In most observational studies, treatments or other “exposures” (in an epidemiologic sense) do not occur at random. Instead, treatments or other such interventions depend on several patient-related and patient-independent characteristics. Such factors, associated with the receipt vs nonreceipt of treatment, may also be—independently—associated with outcomes. Thus, confounding exists making it difficult to ascertain the true association between treatments and outcomes. Propensity scores (PS) represent an intuitive set of approaches to reduce the influence of such “confounding” factors. PS is a computed probability of treatment, a value that is estimated for each patient in an observational study and then applied (in a variety of ways such as matching, stratification, weighting, etc.) to reduce distortion in the true nature of the association between treatment (or any similar exposure) and outcomes. Despite several advantages, PS-based methods cannot account for unmeasured confounding, ie, for factors that are not being included in the computation of PS.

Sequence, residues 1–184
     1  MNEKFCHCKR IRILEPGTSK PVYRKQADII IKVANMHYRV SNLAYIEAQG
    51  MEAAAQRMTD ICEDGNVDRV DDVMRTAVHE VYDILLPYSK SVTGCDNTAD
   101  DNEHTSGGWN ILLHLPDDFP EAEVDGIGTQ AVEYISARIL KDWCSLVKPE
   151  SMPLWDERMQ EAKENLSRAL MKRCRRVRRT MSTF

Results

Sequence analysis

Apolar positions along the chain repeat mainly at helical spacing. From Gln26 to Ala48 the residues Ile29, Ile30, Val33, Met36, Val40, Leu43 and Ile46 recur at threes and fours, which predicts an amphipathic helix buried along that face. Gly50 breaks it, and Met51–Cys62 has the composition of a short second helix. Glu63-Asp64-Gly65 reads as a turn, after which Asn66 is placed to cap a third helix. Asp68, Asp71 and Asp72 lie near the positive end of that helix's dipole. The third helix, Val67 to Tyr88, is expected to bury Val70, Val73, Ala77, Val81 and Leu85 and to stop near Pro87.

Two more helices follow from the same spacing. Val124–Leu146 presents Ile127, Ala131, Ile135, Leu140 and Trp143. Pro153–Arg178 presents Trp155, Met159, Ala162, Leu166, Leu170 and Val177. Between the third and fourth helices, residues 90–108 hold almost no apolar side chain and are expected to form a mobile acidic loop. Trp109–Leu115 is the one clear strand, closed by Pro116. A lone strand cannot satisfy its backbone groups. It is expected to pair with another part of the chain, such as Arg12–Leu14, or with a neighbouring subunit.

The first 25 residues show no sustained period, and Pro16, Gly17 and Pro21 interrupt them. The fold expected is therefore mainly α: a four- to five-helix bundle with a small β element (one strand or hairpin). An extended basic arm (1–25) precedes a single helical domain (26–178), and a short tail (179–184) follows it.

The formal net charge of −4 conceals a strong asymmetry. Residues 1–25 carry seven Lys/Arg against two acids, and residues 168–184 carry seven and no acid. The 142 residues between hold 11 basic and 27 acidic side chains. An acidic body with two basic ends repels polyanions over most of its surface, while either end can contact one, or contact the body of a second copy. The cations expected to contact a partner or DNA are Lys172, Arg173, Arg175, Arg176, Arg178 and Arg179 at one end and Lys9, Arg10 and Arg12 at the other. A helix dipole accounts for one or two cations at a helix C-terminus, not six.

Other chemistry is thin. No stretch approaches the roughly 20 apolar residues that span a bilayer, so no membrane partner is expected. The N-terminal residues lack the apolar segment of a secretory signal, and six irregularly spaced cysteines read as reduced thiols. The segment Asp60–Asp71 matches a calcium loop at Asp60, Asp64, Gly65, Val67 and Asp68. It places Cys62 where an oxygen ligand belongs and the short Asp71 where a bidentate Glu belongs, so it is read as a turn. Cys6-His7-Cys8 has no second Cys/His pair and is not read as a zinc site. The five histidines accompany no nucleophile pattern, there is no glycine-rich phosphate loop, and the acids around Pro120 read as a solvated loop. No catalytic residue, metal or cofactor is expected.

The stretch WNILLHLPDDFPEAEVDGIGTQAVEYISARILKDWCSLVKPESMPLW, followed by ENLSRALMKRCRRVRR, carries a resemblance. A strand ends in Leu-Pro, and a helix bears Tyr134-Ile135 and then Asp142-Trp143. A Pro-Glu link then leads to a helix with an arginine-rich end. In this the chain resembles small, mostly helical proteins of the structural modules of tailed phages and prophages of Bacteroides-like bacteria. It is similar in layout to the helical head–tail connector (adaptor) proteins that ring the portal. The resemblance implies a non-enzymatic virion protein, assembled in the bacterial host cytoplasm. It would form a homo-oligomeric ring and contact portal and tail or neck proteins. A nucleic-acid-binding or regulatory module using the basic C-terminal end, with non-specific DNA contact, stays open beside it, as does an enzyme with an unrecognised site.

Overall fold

Observational research using propensity scores